The completion of £500,000-worth of repairs to a 900-year-old church roof means “it’s no longer raining inside”.
A routine, five-year inspection of Wisbech parish church in Cambridgeshire during 2017 uncovered a leaking roof, rotten timbers and cracked masonry.
Church treasurer Val Spriggs said she was “almost paralysed with fear” when she heard the size of the repair bill.
With the roof restored and rebuilt, she felt “very emotional on the day the scaffolding came down”.
Grade I-listed St Peter and St Paul’s was placed on Historic England’s At Risk Register after the extent of the damage was revealed.
Mrs Spriggs approached the architect behind the inspection for advice and he said he would help with a National Heritage Lottery Fund bid.
To help the application “stand out”, they offered a programme for local school children to learn more about the building, its context and history.
As a result, pupils learned how to write news reports and made and illustrated a church guide, for use by children, aided by a journalist from the Fenland Citizen.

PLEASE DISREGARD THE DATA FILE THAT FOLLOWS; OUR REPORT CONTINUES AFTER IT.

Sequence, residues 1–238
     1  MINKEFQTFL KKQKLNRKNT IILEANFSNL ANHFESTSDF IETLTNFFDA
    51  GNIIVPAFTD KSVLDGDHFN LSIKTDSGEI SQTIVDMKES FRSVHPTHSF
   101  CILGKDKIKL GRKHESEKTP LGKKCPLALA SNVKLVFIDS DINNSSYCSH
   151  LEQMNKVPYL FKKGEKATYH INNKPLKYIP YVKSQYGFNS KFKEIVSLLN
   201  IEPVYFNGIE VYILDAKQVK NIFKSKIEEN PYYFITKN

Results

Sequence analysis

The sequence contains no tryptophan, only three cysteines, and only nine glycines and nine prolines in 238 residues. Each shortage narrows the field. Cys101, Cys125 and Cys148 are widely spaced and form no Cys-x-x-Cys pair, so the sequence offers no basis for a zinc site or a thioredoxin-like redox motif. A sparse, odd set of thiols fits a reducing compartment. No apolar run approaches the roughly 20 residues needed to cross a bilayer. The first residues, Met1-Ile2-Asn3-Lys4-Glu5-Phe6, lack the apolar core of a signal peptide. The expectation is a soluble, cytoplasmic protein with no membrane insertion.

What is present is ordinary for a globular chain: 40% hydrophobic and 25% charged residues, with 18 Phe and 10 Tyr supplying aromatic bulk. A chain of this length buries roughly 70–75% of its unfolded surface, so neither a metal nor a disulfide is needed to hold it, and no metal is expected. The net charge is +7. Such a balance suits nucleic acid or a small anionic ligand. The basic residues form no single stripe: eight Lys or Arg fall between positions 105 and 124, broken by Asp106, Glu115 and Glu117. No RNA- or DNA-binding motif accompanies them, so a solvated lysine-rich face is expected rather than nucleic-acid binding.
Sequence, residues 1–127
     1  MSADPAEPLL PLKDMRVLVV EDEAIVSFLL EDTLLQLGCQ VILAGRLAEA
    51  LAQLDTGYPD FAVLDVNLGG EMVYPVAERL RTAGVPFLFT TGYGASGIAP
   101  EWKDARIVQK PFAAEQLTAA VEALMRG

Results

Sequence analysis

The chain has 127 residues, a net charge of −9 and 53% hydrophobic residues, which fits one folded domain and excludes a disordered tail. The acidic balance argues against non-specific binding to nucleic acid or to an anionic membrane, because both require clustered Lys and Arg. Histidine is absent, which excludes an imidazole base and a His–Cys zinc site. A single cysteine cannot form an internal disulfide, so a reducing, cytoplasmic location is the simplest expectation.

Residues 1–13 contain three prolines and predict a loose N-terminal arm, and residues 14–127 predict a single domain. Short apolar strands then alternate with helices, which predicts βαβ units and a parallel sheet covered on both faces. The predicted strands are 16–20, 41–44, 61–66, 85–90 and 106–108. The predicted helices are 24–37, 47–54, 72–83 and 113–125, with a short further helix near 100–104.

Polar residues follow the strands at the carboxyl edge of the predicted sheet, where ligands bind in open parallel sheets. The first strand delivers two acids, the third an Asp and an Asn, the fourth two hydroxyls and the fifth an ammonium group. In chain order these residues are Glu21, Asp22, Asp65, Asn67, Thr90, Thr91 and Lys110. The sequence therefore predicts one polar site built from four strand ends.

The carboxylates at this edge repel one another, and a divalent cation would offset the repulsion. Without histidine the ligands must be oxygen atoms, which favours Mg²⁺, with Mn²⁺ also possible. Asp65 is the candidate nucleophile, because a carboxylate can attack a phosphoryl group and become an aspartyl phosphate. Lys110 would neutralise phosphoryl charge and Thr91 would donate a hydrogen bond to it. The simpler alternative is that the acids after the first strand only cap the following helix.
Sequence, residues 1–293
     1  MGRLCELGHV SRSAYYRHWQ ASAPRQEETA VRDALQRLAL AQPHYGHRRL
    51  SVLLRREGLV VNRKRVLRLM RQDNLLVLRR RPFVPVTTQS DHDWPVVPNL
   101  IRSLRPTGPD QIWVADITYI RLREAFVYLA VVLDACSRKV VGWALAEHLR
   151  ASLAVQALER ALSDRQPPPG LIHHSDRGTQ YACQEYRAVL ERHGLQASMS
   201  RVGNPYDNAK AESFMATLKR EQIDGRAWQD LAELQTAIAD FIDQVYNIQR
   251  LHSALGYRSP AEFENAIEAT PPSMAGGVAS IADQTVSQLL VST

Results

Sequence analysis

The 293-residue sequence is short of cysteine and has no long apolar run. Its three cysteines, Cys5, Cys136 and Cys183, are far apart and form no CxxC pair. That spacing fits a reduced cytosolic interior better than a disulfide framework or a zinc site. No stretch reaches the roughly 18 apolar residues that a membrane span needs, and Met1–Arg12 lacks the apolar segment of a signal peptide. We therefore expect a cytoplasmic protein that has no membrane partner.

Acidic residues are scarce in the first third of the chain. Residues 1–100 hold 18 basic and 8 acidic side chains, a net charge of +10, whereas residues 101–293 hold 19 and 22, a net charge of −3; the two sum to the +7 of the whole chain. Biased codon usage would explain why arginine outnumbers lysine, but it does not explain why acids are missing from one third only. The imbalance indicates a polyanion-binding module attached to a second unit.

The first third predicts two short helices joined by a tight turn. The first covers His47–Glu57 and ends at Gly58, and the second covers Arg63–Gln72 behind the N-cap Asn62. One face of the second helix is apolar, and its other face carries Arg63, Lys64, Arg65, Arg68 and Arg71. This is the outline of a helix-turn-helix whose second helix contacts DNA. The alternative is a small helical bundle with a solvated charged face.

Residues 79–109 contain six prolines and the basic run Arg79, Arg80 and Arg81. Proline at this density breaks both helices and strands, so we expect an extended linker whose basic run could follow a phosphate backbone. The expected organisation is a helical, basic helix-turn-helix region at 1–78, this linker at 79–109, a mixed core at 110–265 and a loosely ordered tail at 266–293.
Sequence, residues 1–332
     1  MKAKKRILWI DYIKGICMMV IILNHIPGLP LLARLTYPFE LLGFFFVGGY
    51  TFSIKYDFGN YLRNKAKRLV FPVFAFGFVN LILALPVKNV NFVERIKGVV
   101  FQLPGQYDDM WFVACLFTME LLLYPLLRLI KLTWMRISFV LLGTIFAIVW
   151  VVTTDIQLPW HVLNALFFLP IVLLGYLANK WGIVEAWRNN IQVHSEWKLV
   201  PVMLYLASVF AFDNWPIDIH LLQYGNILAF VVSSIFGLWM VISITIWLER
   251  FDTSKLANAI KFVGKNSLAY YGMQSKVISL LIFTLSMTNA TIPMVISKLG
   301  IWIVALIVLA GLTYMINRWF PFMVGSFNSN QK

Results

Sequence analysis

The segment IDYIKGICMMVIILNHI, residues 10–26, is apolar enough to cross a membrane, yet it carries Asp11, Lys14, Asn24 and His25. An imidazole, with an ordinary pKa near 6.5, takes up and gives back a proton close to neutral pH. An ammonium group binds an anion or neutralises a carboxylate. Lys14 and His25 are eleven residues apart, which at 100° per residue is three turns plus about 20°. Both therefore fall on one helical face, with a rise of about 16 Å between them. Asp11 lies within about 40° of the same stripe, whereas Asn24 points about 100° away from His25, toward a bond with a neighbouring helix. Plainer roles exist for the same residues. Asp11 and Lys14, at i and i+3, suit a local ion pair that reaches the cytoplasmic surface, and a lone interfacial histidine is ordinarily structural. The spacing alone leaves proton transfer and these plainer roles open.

The team of parishioners, jointly led by church warden Trevor Wright, also wanted to “add loos and a kitchen”, so the ancient building could be “a church for the future” and used by the community for events or fundraisers, added Mrs Spriggs.
The bid was successful and eventually the church received about £700,000, including more than £400,000 from the Heritage Lottery Fund and more than £300,000 from other grants, plus a bequest from parishioner Anne Carlisle.
Building work began in April 2021 and the roof has recently been completed, with other works around the church being finished off.
The priest-in-charge, Rev Canon Matthew Bradbury, said: “It’s no longer raining inside the church.”
He paid tribute to the “diligence and flair” of Mrs Spriggs and the skills of the restoration’s craftsmen.
The church continues to work with pupils from the Orchards Church of England Academy, who are regular visitors.